Today’s must-read is on a subject we’ve been following pretty closely here: what happens if the Supreme Court in its review of King v. Burwell strikes down the “premium tax credit” insurance purchasing subsidies provided in the Affordable Care Act in the 36 states that did not set up their own purchasing exchanges. It’s not that there’s anything inherently complicated about the “fix.” Congress could resolve the problem in about a day with a one- or two-sentence amendment to ACA that made plain what the bill’s sponsor’s clearly intended all along: the subsidies are available in all 50 states.

The problem, of course, is that Republicans cannot support a simple “fix” after years of treating Obamacare as a socialistic abomination unto the Lord. But if they do nothing, millions of people, many of them Republican voters (particularly since Republican-run states were the most likely to reject the “complicity” in Obamacare that setting up an exchange supposedly involve), would suffer higher insurance premiums and terrible things could happen to the entire health insurance market-place, and they could be quite rightly blamed. Worse yet, it is widely perceived that the odds of a SCOTUS decision decimating the subsidies depends on the degree of preparation for it by Congress, which now means the Republican Party.

So Republicans are casting about for a measure that would turn a “fix” into a policy victory, and as Sahil Kapur of TPM found by talking to a lot of them, they are not close to a consensus.

“It’s an opportunity that we’ve failed at for two decades. We’ve not been particularly close to being on the same page on this subject for two decades,” said a congressional Republican health policy aide who was granted anonymity to speak candidly. “So this idea — we’re ready to go? Actually no, we’re not…”

Thomas Miller, a health policy expert at the American Enterprise Institute, said Republicans are unlikely to have a “fully formed” plan before the ruling. He said it would be a slow burn — they may have to “let off some steam” with repeal votes before they vote on serious solutions.

“Certainly there are cross-pressures and impulses within just the Republican ranks on this,” he said. “There are issues that are not going to be fleshed out — a consensus is not going to be reached in advance of the King decision.”

But Miller said it’s important to build support for a set of proposals ahead of the ruling and have legislation on the shelf that “gets the job done in a period of several weeks in late June to early July.” He proposed three broad ideas to fill the hole the Supreme Court might create: a tax-credit mechanism (which could be income-sensitive, age-adjusted, or a flat dollar amount), block grants to states, and reforms to the exchanges. None will be easy to secure support for.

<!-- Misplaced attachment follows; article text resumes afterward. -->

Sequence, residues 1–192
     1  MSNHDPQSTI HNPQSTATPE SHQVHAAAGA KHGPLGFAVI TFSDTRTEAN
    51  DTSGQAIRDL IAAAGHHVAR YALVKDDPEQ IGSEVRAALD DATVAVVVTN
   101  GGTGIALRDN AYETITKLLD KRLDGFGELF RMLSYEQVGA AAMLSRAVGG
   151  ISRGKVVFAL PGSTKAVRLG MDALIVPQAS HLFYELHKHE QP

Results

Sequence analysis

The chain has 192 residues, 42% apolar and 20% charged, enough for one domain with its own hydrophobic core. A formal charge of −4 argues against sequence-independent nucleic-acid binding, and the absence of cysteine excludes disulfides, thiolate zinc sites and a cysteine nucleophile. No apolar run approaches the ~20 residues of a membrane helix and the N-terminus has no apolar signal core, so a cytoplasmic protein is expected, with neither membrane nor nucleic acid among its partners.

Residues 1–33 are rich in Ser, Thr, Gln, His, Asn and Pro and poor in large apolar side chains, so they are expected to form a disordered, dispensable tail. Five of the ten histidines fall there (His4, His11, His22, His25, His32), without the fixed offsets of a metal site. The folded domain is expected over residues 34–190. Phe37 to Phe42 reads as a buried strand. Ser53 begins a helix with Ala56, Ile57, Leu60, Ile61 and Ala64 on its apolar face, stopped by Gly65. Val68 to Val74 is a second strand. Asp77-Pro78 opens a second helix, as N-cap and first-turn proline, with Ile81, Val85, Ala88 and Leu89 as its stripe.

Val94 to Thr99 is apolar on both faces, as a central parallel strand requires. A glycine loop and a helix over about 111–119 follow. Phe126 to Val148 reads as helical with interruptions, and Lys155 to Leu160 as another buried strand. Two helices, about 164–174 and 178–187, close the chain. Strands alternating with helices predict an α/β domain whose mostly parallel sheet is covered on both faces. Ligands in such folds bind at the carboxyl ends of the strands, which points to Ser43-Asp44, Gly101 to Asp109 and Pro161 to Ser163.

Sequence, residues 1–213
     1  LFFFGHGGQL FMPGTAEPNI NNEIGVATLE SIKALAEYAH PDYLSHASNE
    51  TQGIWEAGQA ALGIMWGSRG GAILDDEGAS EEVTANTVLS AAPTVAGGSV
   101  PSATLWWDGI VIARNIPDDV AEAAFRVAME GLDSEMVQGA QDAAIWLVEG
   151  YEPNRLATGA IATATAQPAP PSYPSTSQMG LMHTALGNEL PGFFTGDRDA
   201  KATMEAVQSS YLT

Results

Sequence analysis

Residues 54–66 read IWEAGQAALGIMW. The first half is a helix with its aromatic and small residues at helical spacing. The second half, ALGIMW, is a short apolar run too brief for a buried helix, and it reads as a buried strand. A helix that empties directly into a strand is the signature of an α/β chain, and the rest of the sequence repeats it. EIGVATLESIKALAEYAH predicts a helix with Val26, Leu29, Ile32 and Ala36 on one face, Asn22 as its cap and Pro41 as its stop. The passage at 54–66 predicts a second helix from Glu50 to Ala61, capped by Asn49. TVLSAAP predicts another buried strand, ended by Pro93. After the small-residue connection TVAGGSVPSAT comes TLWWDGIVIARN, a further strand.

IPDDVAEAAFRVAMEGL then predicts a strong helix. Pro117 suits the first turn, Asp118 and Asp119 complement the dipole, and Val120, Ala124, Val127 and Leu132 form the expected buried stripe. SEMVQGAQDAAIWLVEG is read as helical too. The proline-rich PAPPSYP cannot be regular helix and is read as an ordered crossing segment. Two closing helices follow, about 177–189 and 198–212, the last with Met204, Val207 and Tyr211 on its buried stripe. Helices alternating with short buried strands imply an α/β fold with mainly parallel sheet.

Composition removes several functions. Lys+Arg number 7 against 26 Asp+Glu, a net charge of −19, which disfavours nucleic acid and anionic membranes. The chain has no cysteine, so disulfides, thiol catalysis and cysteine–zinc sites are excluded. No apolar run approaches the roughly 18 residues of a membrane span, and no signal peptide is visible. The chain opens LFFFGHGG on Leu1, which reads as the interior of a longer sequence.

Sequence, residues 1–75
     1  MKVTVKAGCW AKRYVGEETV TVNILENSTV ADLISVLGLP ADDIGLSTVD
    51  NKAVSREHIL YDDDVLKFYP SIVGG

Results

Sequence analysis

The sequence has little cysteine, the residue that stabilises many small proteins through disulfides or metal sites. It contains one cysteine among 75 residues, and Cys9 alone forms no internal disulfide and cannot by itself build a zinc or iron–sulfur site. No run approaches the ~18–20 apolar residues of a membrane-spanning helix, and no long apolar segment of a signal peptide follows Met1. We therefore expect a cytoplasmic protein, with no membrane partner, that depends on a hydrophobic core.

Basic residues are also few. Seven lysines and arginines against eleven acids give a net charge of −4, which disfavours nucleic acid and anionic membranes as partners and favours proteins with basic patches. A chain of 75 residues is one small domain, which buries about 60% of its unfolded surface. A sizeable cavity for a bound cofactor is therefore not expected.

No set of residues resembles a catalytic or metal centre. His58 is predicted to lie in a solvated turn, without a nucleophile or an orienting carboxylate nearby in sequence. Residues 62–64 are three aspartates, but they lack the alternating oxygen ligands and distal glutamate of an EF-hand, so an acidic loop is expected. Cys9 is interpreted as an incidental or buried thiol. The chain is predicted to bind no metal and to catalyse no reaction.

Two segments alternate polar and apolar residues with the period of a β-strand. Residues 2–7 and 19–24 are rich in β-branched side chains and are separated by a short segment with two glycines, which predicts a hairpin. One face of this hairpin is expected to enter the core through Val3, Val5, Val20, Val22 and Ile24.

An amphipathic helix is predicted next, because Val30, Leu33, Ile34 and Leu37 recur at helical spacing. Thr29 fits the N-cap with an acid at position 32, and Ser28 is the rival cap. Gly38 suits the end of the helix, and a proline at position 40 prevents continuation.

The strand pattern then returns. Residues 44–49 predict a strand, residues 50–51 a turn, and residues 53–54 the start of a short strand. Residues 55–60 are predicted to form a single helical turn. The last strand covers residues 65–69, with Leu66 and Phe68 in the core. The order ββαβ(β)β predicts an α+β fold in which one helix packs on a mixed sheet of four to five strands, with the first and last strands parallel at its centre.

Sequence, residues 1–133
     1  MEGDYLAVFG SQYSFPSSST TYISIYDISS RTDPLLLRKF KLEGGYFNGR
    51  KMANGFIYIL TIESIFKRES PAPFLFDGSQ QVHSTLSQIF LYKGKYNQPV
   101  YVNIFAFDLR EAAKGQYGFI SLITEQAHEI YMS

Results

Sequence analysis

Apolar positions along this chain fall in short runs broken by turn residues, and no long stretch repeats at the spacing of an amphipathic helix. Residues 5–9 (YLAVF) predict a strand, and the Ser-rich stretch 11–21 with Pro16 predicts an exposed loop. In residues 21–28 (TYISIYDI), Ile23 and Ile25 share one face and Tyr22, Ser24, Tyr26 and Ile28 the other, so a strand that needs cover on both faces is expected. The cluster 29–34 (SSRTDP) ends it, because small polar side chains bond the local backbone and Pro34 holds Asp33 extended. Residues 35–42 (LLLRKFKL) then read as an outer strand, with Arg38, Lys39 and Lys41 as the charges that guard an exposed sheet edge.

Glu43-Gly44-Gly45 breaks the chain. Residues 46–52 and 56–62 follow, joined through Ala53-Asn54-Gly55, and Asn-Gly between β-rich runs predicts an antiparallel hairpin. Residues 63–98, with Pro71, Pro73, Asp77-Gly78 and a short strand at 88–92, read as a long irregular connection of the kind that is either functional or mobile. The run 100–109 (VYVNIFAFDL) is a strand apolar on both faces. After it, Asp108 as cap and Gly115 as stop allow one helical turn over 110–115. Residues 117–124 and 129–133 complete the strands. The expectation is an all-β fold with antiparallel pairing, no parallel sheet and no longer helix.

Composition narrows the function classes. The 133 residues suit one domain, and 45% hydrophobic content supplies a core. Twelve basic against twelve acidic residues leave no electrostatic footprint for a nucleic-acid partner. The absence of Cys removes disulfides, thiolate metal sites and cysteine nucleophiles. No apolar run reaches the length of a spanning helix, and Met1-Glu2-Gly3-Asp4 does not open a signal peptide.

And that’s just at the elite level. No one at this point in the GOP is addressing how they deal with the ecstatic reaction of their party’s conservative activist base if and when the news blares out on Fox that SCOTUS has landed a lethal spear in the hide of the Great White Whale. Just yesterday polling data came out showing Republican rank-and-file opposed the idea of Congress doing anything to “repair” Obamacare. Ya think maybe the already difficult process of agreeing on a “fix” might be complicated a bit more by the shrieks of “NO! NO! NO!” from every Republican who has been told again and again that the Affordable Care Act is the worst thing to happen to America in living memory? Is it possible a Republican presidential candidate or three would exploit the situation by starting a crusade to destroy any GOP member of Congress who even thinks about “fixing” Obamacare?

Yeah, Republicans have a ways to go on this issue, and not just in terms of reaching the kind of agreement on a health care policy approach that has eluded them for so very long.

Ed Kilgore

Ed Kilgore is a political columnist for New York and managing editor at the Democratic Strategist website. He was a contributing writer at the Washington Monthly from January 2012 until November 2015, and was the principal contributor to the Political Animal blog.